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Correcting Spoken English

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Don’t over correct!!!

right-145527_640right-145527_640right-145527_640Correcting Spoken English is the way in which student errors are corrected as they are speaking‏‎.

Before beginning though, remember that all students will make mistakes. It is part and parcel of learning a language (and bear in mind that children learning their first language will make mistakes also; it is a natural part of the process).

When to Correct

At one end of the spectrum are teachers who will correct every single error the student makes. This can have negative results.

  • students may feel intimidated and stop speaking for fear of being corrected in front of the class
  • it can interrupt the flow of speech and break a student’s thought or concentration

At the other end of the spectrum are teachers who do not correct any mistakes but again this can have negative results:

  • students do not realize they are making mistakes and believe they are error-free

Teachers can, of course, adopt a middle way. Here they might correct:

  1. when the student needs correction in order to continue
  2. when the meaning of what the student says is uncertain
  3. when several students make the same mistake

How to Correct

Known as recasting, this is the WRONG way:

Student: I go at the park last night.
Teacher: went
Student (looking confused): I went at the park last night.
Teacher: to
Student: I go to the park last night.

What has happened here is that the teacher has not been explicit and it has resulted in the student losing the thread of their speech, not really understanding what they have done wrong and then making further errors.

For more on this, see the main article, Recasting & Uptake.

If we look again at the 3 different scenarios when error correction is needed there are different approaches to the way in which errors can be corrected.

1. when the student needs it to continue

Student: I go at the… (looks to the teacher for help)
Teacher: park?
Student (triumphantly): I go at the park last night.
Teacher: Excellent!

Here the teacher offers a helping hand to the student when asked. The student won’t feel threatened or embarrassed by this as it is they who have asked for help.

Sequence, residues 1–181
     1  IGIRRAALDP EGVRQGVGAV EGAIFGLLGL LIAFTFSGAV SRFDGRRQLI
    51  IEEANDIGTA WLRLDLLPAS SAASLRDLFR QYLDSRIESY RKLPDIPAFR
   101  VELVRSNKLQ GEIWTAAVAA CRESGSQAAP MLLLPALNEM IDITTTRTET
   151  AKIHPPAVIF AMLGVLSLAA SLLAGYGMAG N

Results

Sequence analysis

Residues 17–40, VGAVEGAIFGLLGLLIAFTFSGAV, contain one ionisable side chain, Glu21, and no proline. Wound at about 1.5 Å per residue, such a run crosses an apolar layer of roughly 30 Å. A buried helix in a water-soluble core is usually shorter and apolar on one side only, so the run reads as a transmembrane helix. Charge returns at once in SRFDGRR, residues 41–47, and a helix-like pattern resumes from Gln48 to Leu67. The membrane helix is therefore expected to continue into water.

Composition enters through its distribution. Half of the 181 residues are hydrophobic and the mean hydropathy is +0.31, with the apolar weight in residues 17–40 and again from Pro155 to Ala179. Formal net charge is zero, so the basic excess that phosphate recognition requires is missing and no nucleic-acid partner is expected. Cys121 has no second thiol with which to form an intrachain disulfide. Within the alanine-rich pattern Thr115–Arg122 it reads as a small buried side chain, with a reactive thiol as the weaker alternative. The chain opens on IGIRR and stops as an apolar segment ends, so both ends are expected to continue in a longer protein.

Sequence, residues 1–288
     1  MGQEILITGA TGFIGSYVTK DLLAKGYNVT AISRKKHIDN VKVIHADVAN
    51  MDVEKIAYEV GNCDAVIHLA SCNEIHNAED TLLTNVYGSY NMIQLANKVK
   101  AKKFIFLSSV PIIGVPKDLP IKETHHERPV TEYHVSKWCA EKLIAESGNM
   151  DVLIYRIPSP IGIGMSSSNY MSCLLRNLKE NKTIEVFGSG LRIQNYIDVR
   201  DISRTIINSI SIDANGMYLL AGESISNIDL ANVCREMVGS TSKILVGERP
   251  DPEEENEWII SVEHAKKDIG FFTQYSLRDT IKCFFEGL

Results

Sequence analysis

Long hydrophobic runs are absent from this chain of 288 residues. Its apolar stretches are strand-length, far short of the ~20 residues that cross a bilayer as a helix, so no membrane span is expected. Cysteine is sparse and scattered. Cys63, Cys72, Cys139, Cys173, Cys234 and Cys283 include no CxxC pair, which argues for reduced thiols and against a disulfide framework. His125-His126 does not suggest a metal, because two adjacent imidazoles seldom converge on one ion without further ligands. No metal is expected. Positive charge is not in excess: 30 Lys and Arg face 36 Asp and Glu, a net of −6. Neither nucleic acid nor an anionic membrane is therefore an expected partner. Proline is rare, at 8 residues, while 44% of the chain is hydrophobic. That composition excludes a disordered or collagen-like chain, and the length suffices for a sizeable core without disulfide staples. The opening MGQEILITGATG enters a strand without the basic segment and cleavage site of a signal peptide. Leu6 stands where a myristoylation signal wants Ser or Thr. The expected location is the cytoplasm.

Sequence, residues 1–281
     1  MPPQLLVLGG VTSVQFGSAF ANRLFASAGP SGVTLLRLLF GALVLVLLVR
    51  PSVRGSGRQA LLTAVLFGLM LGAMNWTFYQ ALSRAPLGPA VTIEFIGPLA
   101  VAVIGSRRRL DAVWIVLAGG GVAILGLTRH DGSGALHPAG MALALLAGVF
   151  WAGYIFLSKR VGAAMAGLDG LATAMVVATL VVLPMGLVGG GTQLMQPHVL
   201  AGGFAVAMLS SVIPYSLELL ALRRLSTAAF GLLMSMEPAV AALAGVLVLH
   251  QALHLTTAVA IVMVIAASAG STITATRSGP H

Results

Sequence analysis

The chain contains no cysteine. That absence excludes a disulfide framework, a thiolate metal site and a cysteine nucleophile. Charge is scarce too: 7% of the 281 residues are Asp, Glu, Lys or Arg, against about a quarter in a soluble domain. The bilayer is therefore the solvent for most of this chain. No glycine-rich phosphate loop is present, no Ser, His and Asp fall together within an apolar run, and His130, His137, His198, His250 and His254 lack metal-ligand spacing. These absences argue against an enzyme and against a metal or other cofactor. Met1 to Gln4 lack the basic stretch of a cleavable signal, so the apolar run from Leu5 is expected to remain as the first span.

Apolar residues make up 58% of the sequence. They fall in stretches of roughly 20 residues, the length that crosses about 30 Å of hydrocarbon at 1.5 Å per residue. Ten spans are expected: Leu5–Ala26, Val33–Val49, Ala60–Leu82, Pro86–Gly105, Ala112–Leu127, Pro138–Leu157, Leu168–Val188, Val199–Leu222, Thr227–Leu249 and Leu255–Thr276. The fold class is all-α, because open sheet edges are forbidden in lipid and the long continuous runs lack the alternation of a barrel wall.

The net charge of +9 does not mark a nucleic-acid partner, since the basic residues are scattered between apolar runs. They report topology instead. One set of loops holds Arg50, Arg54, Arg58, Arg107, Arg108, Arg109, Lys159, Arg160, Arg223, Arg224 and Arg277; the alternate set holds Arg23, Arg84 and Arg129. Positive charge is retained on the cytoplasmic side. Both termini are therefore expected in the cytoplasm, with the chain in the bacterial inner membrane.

2. when the meaning of what the student says is uncertain

Student: I go at the park.
Teacher: Sorry? You go now or yesterday or tomorrow? When do you go to the park?
Student: Last night.
Teacher: Ah! Then it’s: I went to the park.
Student: I went at the park.
Teacher: Excellent.

Here the teacher interrupts for clarification and then gives the correct language for the meaning to be fully understood.

3. when several students make the same mistake

In this case, the teacher will notice that several students make the same mistake. This indicates that in all likelihood the whole class has this error. Thus the teacher may well decide to create a mini-lesson around this particular error for another day. On that occasion they will explain the error and the correction and get the students focussing on where they may be going wrong.

Gesture Correction

Error Correction need not always be about the teacher butting into the conversation and correcting. This, after all, is guaranteed to block fluency. Remember that hand signals can also be used and are less intrusive.

Student: I go at the park last night.
Teacher points back over their own shoulder (a known gesture in class indicating the past)
Student (pauses for thought): I went at the park last night.
Teacher thumbs up

One advantage with this method is that because the teacher is not speaking, the student has a chance to self-correct. Look at this extended dialogue:

Student: I go at the park last night.
Teacher holds up hand as stop sign; student stops and the teacher looks enquiringly
Student pauses for thought then looks blank and shrugs shoulders
Teacher gestures to class for their input and a bright spark at the back suggests the past tense
Teacher nods
Student: I went at the park last night.
Teacher thumbs up (or another appropriate gesture)

Note that gestures need to be appropriate. Click here‏‎ to read about possibly inappropriate gestures in class.

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